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Why it makes sense for farmers to rear birds

By Sanjeeb Mukherjee
October 21, 2019 11:01 IST

A data shows the number of backyard poultry has risen by 46 per cent between 2012 and 2019. The development is extremely positive because it provides an incentive for small and marginal farmers to rear birds.

In what could signal a significant development in India’s rural landscape, the latest provisional data of the 20th livestock census shows a sharp increase in backyard poultry between 2012 and 2019 as compared to the rise in the bird population from commercial poultry farms.

The data released on Wednesday shows the number of India’s poultry has risen from 729.2 million to 851.8 million, an increase of almost 17 per cent.

 

It is the backyard poultry numbers which stand out.

The census was launched in October last year.

The data shows the number of backyard poultry has risen by 46 per cent between 2012 and 2019.

The poultry includes fowl, ducks, emu, turkeys, and quail.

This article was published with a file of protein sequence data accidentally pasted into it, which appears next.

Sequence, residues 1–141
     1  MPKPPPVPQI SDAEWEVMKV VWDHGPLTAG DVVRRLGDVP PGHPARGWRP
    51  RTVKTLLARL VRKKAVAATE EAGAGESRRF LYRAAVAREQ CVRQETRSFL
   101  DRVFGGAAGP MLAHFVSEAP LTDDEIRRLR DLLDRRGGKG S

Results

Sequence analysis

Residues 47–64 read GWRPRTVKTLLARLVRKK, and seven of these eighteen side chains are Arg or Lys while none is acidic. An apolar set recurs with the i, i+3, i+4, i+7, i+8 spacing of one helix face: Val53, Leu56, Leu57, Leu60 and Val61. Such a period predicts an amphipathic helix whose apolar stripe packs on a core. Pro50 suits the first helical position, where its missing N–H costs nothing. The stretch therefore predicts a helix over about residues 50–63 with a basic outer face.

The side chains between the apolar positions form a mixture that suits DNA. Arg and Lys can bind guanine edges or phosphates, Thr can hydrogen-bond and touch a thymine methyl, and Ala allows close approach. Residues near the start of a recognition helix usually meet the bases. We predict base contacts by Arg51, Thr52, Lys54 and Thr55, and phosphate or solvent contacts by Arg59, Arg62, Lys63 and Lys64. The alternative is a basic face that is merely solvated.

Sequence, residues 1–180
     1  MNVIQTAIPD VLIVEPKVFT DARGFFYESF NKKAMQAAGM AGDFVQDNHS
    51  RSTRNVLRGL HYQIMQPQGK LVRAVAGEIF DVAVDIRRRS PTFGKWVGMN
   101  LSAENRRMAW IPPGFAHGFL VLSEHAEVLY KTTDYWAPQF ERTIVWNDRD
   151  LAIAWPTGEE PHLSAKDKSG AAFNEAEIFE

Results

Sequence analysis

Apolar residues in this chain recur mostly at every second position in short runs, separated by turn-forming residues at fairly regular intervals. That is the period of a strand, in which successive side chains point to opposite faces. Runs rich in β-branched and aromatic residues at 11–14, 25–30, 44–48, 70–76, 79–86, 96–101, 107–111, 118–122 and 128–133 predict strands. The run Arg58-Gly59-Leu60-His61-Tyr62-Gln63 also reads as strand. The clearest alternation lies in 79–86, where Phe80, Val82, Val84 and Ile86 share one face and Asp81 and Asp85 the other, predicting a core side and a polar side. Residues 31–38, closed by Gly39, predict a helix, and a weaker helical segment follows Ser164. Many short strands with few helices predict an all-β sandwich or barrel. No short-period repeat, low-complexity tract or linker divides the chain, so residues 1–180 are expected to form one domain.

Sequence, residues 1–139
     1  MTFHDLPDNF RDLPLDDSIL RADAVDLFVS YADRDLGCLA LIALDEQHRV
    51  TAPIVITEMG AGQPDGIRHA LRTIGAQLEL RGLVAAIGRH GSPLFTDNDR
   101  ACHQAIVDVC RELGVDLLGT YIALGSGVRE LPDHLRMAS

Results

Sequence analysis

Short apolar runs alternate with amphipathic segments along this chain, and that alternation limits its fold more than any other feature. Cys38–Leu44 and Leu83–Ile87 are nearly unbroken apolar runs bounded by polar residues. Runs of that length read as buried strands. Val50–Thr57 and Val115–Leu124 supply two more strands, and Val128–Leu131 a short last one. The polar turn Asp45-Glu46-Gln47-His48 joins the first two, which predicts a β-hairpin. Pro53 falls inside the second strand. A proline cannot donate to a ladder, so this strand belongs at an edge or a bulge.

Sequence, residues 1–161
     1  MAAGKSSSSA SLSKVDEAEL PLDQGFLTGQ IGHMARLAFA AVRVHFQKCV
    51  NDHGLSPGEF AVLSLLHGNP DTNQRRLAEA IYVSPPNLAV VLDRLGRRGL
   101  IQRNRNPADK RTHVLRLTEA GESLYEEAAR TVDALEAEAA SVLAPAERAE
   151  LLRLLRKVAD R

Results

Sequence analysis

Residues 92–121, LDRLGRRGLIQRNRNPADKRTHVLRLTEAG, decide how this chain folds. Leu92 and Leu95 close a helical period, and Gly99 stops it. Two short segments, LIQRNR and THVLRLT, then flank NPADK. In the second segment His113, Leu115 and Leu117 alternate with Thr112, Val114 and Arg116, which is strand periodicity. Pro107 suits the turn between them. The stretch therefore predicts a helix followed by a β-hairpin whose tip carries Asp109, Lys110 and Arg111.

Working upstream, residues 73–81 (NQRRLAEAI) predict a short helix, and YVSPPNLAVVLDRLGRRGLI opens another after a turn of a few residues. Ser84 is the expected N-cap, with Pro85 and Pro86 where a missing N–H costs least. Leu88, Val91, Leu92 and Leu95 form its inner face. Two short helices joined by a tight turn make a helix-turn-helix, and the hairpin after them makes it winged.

The poultry of commercial farms, which are typically located near urban areas, have risen by 4.5 per cent during the same period.

Though the contribution of backyard poultry is still less than 40 per cent of the total and a majority of the birds come from commercial farms, experts said sharp growth in its population reflected an interesting development.

Small and marginal farmers generally own backyard poultry, and the produce is largely self-consumed.

“In several states, governments have been incentivising backyard poultry by distributing free birds, and the numbers probably reflect that,” said Rickey Thaper, treasurer of the Poultry Federation of India (PFI).

He called the development is extremely “positive” because it provides an incentive for small and marginal farmers to rear birds.

“Demand for millets and other nutria-cereals will increase as more farmers shift to high-value animal protein,” Thaper said.

India is the world’s third-largest egg producer.

It annually produces around 75 billion eggs, the bulk of which come from commercial farms.

Egg production is growing at 5-6 per cent, while broiler meat production is rising at 7-8 per cent.

“The rise in backyard poultry is fascinating, but more information is required. These could at best be estimates,” said Suresh Chitturi, vice-chairman and managing director, Srinivasa Farms, and chairman, International Egg Commission.

Photograph: Max Whittaker/Reuters

Sanjeeb Mukherjee in New Delhi
Source: source
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